Adly Mahmoud Mansour, head of Egypt's Supreme Constitutional Court,… (Khaled Deouki / AFP/ Getty…)
CAIRO -- Egypt swore in an interim leader Thursday after a military coup toppled the country’s first freely elected president, raising fresh uncertainty over the formation of a coalition government to ease deep political divisions and prevent economic collapse.
Judge Adly Mahmoud Mansour, head of the Supreme Constitutional Court, took the oath of the presidency in a court chamber along the Nile. He replaced Mohamed Morsi, the nation’s first Islamist president, who was forced from office after refusing a military order to compromise with the opposition to end months of unrest.
The inauguration of a new leader was the latest political maneuver in a tumultuous 24 hours that were also marked by clashes between pro- and anti-Morsi supporters that left 10 dead across the country and the arrest of two prominent members of the deposed president’s Muslim Brotherhood party.
After his swearing in, Mansour said the youth-inspired protests that began Sunday and ended with Morsi’s overthrow “corrected the path of the glorious revolution that took place on Jan. 25, 2011."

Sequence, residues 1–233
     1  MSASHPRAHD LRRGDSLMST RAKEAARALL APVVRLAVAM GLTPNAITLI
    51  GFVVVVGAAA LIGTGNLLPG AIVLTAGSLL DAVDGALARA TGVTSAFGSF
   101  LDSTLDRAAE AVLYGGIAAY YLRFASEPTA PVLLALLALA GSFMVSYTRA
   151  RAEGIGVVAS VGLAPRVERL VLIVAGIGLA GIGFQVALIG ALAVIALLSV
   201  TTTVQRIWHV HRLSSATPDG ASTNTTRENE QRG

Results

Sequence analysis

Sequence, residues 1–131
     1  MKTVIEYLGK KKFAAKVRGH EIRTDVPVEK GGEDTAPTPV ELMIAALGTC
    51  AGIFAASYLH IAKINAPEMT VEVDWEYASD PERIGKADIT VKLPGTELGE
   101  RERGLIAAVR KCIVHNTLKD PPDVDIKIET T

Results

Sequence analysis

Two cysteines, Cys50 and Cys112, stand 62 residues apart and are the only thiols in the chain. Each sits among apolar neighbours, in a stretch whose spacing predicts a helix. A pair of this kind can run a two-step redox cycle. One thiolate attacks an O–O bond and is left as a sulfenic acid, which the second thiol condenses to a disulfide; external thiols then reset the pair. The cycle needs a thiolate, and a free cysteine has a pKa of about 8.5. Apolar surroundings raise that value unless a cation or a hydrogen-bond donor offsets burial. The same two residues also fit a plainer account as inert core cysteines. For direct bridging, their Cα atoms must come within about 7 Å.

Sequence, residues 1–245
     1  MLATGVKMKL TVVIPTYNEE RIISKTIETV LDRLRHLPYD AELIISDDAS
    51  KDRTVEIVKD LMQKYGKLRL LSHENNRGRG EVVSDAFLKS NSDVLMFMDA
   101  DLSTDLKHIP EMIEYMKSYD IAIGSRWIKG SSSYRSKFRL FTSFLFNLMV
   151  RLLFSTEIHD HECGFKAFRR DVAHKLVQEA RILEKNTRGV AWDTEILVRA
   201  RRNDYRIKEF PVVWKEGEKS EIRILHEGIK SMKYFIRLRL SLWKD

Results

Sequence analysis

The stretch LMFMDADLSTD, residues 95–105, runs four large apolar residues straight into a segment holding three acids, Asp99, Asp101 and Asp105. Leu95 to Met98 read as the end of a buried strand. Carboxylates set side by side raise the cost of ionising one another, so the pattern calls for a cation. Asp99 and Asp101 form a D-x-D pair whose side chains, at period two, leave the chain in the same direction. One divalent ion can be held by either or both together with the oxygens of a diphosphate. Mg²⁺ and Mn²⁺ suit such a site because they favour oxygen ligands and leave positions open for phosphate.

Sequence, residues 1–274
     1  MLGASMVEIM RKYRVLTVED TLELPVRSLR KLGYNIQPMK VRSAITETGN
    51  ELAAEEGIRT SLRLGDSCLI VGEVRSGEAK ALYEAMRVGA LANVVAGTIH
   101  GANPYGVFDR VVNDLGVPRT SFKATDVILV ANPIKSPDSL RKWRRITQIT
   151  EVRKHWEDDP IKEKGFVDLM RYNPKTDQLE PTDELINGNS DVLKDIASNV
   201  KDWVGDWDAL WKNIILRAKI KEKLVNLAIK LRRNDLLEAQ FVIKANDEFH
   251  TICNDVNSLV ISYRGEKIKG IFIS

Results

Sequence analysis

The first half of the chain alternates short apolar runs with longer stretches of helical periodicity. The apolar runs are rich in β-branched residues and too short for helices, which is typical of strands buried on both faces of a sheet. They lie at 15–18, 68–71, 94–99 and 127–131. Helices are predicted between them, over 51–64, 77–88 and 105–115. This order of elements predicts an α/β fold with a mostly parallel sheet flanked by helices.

He added the Egyptian people "are the source of all powers" and that the greatest thing that happened on June 30 is that it "united the people without discrimination or differentiation."
Little is known about Mansour, 67, an administrator and judge who is expected to be a transitional figure in the country’s tortuous path toward democracy that began with the 2011 uprising that overthrew longtime autocrat Hosni Mubarak. Mansour, sworn in in the same chamber where Morsi was inaugurated last year, heads the court that often battled the Brotherhood’s attempts to increase its hold on the government.
Morsi was reportedly under house arrest. But he and the Brotherhood remained defiant, insisting they were Egypt’s legitimate authority. The coup “drives Egypt backward,” Morsi said on his Facebook page.
Gen. Abdel Fattah Sisi, commander of the armed forces, sought to calm the country Wednesday night, saying religious and civilian leaders "have agreed on a road map for the future that includes initial steps to achieve the building of a strong Egyptian society that is cohesive and does not exclude anyone, and ends the state of tension and division."
But the military has not announced a time frame for holding new elections or rewriting the constitution. Mansour said the nation will move ahead.
"We are looking forward to parliamentary and presidential elections that represent the true will of the people,” he said. “This is the only safe way into a brighter tomorrow, more free, more democratic, greater in justice, more conscious, and more elevated in behavior."
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